Can I get an ‘Amen’?

Sometimes, I wish that I was a little older and single, because I’d jump on the Rev. Joseph Lowery so fast…Part of the reason, I had the earwig for You Can’t Win is that reading in the black blogosphere, you’ll see comments that say, “I’m voting for Hillary because they won’t ever let a black man be president.” Or, “I’m voting for Clinton because white people won’t vote for Obama.” And my response is always, “You call yourself a person, an adult and you’re gonna let what white people may or may not do effect your vote? Don’t you have any principles?” The seem to live the life of the Crow Anthem.

You can’t win
You can’t break even
And you can’t get out of the game
People keep sayin’
Things are gonna change
But they look just like
You’re stayin’ the same

From the media to the cornerstore, you got people telling you to put out those dreams of yours. Your time will come. It’s just not now. It’s what Bill Clinton told us throughout the ’90s. The time ain’t right. Some people choose to ignore that sort of talk. Which is why media outlets put together shocked reports that black women are attending and graduating from college at a very high rate. Some people decide to run for president, and people will always tell him that he can’t win.

You get in
way over your head
And you only got yourself to blame
You can’t win Child
(You can’t win Child)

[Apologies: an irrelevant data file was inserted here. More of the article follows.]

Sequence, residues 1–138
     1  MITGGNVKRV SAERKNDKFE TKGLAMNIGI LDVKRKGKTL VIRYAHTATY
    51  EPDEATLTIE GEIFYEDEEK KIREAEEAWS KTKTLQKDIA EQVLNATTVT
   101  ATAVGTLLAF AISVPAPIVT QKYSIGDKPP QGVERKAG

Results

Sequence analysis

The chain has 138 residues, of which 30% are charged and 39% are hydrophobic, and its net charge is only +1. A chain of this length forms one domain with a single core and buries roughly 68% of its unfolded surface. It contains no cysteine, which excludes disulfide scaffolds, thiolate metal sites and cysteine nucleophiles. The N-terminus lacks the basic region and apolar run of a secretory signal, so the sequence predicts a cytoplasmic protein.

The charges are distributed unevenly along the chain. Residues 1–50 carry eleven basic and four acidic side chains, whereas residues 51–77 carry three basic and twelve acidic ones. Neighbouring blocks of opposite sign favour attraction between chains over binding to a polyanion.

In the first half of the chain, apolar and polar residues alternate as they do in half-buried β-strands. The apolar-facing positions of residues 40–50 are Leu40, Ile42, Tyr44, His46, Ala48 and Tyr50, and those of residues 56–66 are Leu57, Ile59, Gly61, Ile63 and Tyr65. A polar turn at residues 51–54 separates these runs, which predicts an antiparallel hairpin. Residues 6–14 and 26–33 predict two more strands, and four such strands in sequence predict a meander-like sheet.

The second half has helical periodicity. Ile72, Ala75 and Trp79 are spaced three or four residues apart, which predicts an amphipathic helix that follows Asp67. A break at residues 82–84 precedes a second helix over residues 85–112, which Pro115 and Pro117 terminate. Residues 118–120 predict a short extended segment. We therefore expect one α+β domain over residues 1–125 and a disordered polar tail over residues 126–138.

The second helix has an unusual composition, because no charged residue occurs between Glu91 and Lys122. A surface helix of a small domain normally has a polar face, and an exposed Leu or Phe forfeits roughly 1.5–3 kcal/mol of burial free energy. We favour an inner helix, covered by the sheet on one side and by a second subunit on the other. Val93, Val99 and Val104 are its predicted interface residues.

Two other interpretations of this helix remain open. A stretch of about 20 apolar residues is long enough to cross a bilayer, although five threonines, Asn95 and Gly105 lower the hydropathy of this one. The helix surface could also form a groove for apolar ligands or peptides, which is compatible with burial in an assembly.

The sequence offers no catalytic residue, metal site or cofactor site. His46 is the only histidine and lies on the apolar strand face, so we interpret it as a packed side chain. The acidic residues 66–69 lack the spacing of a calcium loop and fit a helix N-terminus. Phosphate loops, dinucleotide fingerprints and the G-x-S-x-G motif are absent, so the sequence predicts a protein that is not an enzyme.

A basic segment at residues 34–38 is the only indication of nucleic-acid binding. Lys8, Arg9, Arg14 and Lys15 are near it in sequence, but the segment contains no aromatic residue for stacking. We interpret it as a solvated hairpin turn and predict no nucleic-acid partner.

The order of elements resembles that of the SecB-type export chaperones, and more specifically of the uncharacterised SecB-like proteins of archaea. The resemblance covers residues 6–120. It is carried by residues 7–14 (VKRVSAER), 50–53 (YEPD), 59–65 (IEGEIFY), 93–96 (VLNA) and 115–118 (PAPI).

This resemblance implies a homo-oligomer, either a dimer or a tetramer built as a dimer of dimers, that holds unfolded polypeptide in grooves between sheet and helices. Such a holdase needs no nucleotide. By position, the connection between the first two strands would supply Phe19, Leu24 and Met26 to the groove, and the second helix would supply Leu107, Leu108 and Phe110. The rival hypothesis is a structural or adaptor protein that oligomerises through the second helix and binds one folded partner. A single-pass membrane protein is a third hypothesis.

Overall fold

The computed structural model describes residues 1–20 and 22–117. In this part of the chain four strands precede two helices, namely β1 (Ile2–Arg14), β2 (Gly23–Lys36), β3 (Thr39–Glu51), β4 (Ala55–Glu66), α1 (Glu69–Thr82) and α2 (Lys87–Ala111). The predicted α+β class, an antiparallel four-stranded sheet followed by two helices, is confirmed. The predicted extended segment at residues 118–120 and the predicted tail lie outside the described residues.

You can’t break even
And you can’t get out of the game

Rev. Joseph Lowery is a civil rights leader. When the Reverend talks, people listen. I can think of maybe two times I’ve disagreed with him. He tells it like it is. Remember him at Coretta Scott King’s funeral?

On Wednesday, Lowery spoke to the Hungry Club in Atlanta. Lowery, who is an Obama supporter, stated explicitly what I’ve been saying subtly:

“No matter how much education they have, they never graduated from the slave mentality,” Lowery said of those who have advised Obama to wait, or have doubted his ability to compete in a general election.

“The slavery mentality compels us to say, ‘We can’t win, we can’t do,’” said Lowery, an avid Obama supporter and a co-founder of the Southern Christian Leadership Conference. (AJC)

You can’t win
The world keeps movin’
And you’re standin’ far behind
People keep sayin’
Things’ll get better
(Just to ease your state of mind)
(So you lean back, and you smoke that smoke)
(And you drink your glass of wine)
So you can’t win, Child
You can’t break even
And you can’t get out of the game

You’ll remember that only last month, Andrew Young, a Clinton supporter, was concern trolling Obama and telling him that he should wait a bit longer to run because, you know, Young is worried about “the children”. I wonder what Lowery has to say about that:

One civil rights veteran who is backing Obama shares that view. Joseph Lowery, former head of the Southern Christian Leadership Council, calls colleagues who are supporting Clinton “good old boys.”

“They are business-as-usual, old-guard politicians and it’s hard for them to break out of that mold,” Lowery said.